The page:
Bale designs own flag and constitution, report upset team-mates
In the aftermath of Wales’ 2-1 win over Andorra, goal hero Gareth Bale resisted congratulations from team-mates, opting instead to read the Montevideo Convention on the Rights and Duties of States on the team coach.
While other Wales players wiled away time on the journey home with insipid, bawdy invective, Bale made furious notes on the declarative theory of statehood, occasionally underlining passages in highlighter.
"We made a few attempts to engage with Gareth, but it was clear he was thoroughly ensconced in the concepts that regulate the designation of supreme authority over some polity," Joe Ledley told FourFourTwo.
"We were all a bit surprised, but we thought fair play to him; after all, the Bidet [Ben Davies] is a big fan of substantive due process and we never get on his back when he opens up a juicy paper by John A. C. Hetherington."
However, it soon became clear that Bale’s sudden interest in nationhood was related to the evening’s unexpectedly hard-fought win over Andorra in which he had netted twice.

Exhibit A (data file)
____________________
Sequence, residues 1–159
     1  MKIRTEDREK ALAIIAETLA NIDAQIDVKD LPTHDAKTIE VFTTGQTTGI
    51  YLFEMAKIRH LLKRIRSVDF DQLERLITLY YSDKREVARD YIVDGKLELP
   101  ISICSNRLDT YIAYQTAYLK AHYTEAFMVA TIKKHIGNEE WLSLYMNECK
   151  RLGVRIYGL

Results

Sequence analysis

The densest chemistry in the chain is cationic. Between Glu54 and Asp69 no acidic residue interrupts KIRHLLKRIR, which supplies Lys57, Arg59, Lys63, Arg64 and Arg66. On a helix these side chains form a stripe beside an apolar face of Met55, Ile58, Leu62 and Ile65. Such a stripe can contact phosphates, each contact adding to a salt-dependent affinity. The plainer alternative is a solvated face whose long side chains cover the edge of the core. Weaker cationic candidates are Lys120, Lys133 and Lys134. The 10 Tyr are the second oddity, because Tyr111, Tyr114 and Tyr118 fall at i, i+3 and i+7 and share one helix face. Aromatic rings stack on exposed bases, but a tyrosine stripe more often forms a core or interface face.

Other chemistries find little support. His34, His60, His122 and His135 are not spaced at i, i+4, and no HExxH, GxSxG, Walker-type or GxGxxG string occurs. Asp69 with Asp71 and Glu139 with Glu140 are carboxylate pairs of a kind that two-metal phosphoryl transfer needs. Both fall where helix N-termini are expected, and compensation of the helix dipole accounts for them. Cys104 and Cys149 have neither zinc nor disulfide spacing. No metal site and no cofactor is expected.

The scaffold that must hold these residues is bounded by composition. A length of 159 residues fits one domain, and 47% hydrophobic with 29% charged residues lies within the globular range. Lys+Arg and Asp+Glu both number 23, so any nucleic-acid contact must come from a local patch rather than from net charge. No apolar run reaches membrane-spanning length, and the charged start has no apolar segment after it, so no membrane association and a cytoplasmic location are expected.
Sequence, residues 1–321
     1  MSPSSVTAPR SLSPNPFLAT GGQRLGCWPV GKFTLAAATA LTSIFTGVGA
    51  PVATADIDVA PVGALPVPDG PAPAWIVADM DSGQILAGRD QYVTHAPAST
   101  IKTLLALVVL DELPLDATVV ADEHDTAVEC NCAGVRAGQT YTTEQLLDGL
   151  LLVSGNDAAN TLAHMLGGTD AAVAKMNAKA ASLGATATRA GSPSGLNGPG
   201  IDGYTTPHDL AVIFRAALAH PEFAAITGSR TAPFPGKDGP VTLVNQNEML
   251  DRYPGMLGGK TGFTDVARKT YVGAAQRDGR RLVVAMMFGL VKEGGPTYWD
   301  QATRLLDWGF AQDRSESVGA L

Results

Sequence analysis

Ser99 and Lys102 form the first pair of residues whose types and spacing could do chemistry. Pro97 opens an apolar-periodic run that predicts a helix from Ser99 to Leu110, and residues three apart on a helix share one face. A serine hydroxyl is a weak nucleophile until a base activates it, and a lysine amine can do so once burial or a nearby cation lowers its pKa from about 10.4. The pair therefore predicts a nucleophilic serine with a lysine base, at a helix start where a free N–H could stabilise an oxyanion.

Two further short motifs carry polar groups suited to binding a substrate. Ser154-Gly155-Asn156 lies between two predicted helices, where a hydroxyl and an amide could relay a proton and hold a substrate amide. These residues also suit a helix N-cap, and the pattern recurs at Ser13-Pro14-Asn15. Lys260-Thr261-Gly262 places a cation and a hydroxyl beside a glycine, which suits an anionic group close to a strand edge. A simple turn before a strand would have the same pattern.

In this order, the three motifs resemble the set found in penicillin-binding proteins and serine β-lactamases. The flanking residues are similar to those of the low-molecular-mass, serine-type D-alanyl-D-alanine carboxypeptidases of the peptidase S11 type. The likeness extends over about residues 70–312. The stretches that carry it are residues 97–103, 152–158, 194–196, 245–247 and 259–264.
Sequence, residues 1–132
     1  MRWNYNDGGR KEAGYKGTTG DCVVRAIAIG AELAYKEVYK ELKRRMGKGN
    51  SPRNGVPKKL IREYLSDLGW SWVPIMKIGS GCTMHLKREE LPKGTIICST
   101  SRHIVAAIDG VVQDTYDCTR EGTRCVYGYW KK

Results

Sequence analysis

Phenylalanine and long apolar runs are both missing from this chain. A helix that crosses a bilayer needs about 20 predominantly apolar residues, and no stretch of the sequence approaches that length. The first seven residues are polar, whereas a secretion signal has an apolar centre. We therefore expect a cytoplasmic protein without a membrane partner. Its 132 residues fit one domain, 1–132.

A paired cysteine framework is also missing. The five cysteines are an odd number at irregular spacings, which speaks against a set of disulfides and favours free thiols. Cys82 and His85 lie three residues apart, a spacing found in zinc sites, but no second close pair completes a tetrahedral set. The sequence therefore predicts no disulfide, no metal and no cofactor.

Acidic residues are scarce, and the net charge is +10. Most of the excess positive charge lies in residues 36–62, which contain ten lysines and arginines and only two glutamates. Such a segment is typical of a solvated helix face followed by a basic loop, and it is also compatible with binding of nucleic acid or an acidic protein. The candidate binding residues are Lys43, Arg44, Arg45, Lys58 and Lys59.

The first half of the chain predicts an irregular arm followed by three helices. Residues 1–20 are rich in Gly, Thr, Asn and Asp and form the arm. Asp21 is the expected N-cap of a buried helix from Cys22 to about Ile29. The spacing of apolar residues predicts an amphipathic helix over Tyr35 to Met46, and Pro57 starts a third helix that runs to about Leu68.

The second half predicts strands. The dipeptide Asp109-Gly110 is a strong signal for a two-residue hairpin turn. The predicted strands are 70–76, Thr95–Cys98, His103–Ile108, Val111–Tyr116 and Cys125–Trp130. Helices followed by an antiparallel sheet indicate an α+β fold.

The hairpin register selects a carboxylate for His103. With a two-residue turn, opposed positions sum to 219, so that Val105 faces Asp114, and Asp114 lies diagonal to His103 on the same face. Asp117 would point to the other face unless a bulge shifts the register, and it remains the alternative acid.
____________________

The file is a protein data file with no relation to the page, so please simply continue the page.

"He’s gone to make a note in the margin and a piece of paper’s fallen out with a flag drawn on it," Ledley explained.
"At first it looked just like a Wales flag, but on closer inspection the dragon’s actually a picture of Gareth. As he’s gone to pick it up, another sheet slips out and it's a rudimentary constitution for a sovereign state called ‘Bales’.
"Granted, he's still got a long way to go in producing a cohesive system of judicial review, but we’re not idiots. We could all see exactly what was going on – Gareth was looking to succeed from us and declare himself independent.
"Some angry words were exchanged, but to be fair while the rest of the lads worked hard creating insults that meandered but lacked a punchline, the Independent Republic of Bales [Gareth Bale] immediately fired off a couple of zingers, which he celebrated with some vainglorious posturing and making a heart sign with his hands."